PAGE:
In the high-frequency beat of our lives, it is normal for us to read in such a fast mode that we get parts of a story, the high moments of it; but miss the opportunity. This article, inspired by the work of Casper ter Kuile, reminds us to consider the power in certain kinds of texts - such as Harry Potter - that sets us to pause and reflect on our lives and our behavior.
Imagine these guys here, all of them reading one of the Harry Potter books as if it were some ritual, a sacred moment:
According to Casper ter Kuile (The Power of Ritual), some readings, like Harry Potter, have the power that causes you to reflect beyond the story - into your life. For example, the reading may bring up a nostalgic moment, memories about tragedies, and more.
Certain kinds of fiction reading may create an opportunity for you to reflect on who you are and your behavior too. Think of a reader who, after reading an excerpt from one of the Harry Potter episodes, thought: Am I like that villain?
Casper indicates that this phenomenon (he didn't say phenomenon) is confirmed by research too. He points to the work by Keith Oakley from the University of Toronto - check out A Feeling for Fiction.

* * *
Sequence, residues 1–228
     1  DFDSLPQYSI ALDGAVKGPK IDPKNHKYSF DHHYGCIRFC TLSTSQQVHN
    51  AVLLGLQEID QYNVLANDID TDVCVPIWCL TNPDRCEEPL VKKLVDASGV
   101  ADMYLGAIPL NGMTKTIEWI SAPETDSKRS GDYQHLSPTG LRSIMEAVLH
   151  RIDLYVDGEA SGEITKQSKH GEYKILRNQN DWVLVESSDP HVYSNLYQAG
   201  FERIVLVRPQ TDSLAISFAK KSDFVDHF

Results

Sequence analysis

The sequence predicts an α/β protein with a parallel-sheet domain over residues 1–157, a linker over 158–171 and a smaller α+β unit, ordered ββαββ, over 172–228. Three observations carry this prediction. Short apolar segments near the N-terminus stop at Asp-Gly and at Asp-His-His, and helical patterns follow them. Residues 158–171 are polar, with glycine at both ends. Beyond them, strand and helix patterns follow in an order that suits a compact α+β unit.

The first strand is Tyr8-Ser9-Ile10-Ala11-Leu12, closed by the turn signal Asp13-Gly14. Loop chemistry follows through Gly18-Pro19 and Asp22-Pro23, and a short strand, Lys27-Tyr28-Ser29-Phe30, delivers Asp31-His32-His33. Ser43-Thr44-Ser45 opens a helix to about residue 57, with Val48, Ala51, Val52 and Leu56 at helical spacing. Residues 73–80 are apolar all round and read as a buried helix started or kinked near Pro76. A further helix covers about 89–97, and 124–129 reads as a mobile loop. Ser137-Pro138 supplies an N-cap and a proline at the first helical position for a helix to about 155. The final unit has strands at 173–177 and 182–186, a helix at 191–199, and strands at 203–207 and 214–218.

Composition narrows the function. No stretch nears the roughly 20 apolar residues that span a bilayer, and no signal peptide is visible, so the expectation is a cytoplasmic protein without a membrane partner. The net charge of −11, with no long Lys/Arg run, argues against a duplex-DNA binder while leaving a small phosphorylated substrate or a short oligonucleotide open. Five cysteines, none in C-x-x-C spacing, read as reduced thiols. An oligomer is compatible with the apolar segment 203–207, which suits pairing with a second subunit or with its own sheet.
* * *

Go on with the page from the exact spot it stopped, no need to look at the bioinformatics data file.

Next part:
Therefore, we may consider that certain narratives provide a chance to develop empathy for a specific character, which allows us to be open and reflect on our lives. For example, consider a reader experiencing a narrative reflexively and more slowly having the opportunity to feel like this:
Wow, poor villain. He became like that because his life wasn't easy too. And even in the second stage, the reader might think, "Oops, I also find myself in a similar situation."
Many readers of fiction books, such as Harry Potter, wrote letters to Casper revealing how some episodes made them reflect and understand more about themselves.
Now, in the high-frequency beat of our lives, it is normal for us to read in such a fast mode that we get parts of a story, the high moments of it; but miss the opportunity. Pages often pass in front of us, next to these micro screens of distractions and social media taps and rhythms. When we have a minute to rest, what do we do? We enter into a new rapid interaction and even hurried readings that don't allow us to pause and reflect - on our lives, ourselves, and behavior.
To help us this way, Casper wrote, "Reading is a path to greater awareness. To courage and commitment. To helping us see our mistakes, and to finding a better way forward. " (Kuile, 2020, p.59)
Thank you, Casper. The following is a 1-min video I made after reading the section from Casper’s book: